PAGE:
How that artists registry got added to Squilla’s bill, igniting controversy

Incoming L&I chief David Perri says it costs money to remove performers’ signs from poles, and the city wants to be able to contact them.

L&I Commissioner David Perri says his department wants to be able to contact promoters who put up signs

L&I Commissioner David Perri says his department wants to be able to contact promoters who put up signs

David Perri

Why does the City of Philadelphia want phone numbers of the bands, DJs and entertainers who play here?

The measure, buried in the highly controversial ‘Special Assembly License’ bill introduced by Councilman Mark Squilla, was drafted over a period of months in concert with other city departments including Licenses and Inspections, the Philadelphia Police Department, and Law Department, Billy Penn has learned.

“Updates to the Special Assembly Occupancy ordinance had been stuck in the review process for 9 months to a year,” said L&I Commissioner David Perri. “So when I came in, I said, OK, let’s get this moving.”

But the initial intent of the requirement for club and music venue operators to hand over performers’ contact information — creating essentially a registry of artists — was not for tracking or taxes, Perri said.

The new L&I chief’s statement adds a twist to Squilla’s initial remarks to Billy Penn – namely that the bill is designed to improve public safety.

“Giving performers’ information to police when requested enables them to review past performances to see if there were any public safety issues during their events,” Squilla said earlier this week.

And Councilwoman Maria Quinones-Sanchez, who also supports the bill and will be reviewing it in committee, was even more specific about the measure’s public safety nexus: She said there have been artists who “have been known to have created incidents and violence at their previous acts.”

Whether or not the new measure could help reduce violent incidents, the wording was originally inserted to help cut down on the temporary signage that shows up prior to a show, Perri said.

“Some promoters and acts completely plaster neighborhoods with posters,” he explained. “We receive a lot of complaints about the posters and in many cases the City is left removing them. We can issue tickets to the clubs for the illegal advertising but in some cases a simple phone call to the promoter or act is all that is needed to change the behavior.”

Hence, the department asked for additional language to be added that provided the city with the ability to make that “simple phone call.” The posters are visual blight and also cost the city money to remove after each show, he said.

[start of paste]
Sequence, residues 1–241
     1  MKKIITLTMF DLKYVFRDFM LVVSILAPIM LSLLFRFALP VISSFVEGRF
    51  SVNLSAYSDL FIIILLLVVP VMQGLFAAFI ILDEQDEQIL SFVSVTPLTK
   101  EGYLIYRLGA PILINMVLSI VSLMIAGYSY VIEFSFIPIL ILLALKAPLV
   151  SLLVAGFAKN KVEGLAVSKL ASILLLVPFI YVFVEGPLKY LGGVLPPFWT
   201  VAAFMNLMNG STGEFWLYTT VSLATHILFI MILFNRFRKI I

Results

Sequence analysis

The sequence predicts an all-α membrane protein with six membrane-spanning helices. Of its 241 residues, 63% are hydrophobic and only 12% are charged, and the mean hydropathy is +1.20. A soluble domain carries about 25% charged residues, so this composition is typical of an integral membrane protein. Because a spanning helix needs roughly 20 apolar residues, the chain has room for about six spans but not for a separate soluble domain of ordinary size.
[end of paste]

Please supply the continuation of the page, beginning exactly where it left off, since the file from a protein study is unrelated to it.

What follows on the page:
“It’s all about the signs, ’bout the signs, ’bout the signs, NO TAXES!” he wrote in an email.

Like Councilman Squilla, Perri was caught unaware by the uproar over the proposed language of the bill, introduced this month and first reported on Wednesday by Billy Penn.

“My son is a guitar player,” Perri said, “and when I got home from work [around 9:30 pm], the first thing he said to me was, ‘Dad, did you hear about that artists registry bill? I just signed a petition against it.’

“I’m a persona non grata around my house tonight,” he continued.

Squilla says he is now “working to remove” the clause in the bill that would require entertainment venue owners to collect and turn over to police, the names, addresses, and phone numbers of artists that perform in businesses hosting 50 or more patrons. As for co-approval (or veto) power between police and L&I over performance licenses for venues, Squilla has eased a bit on that too — though not entirely.

“One of the amendments being contemplated would make L&I the final approval of license applications, as in the past,” he said.

Squilla is also considering altering the bill’s proposed fee hike, acknowledging that “some people feel the fee is unreasonable, and we’re looking at other options for a reduced fee.” The current application fee for so-called ‘Special Assembly Occupancy’ licenses is $100; Squilla’s bill would raise it to $500 every two years. The increase stoked fear in many because it could cripple smaller, already struggling venues.

Squilla’s rapid shift in policy comes after Billy Penn’s story revealed the bill’s particulars, which unleashed heavy and ongoing public outcry. The bill drew intense online criticism, including the petition signed by Perri’s son and more than 14,000 other people. A protest “March for Musicians” at City Hall has been organized for Thursday, Feb. 4.

Perri echoed the statements of Squilla and Councilman David Oh in saying that the language regarding providing contact info would and could be amended, even without a protest.

“It’s easily fixed,” he said.

Mornings in the know

Sign up for Billy Penn’s free morning newsletter for a daily roundup of Philadelphia’s most pressing news, top interesting stories, fun tidbits, and relevant events.

Thanks for reading another Billy Penn article!

We don’t have a paywall, and never will. Instead, we depend on readers like you to keep our newsroom jamming on stories about Philadelphia. If you like what you see, will you support our work?

Thanks for reading a Billy Penn story

We don’t have a paywall, and our daily newsletter is free. Instead, YOU are key to keeping our nonprofit newsroom running strong. If you like what you see, will you join as a member today?

This story was powered by readers

Readers like you make articles like this possible, so thanks for your support. Want to make sure we stick around? Become a sustainer with a recurring contribution!

Tell a friend about Billy Penn

Thanks for reading another article — and we’re grateful for your support! Want to help a friend start their day with Billy Penn? Send them to our newsletter signup page.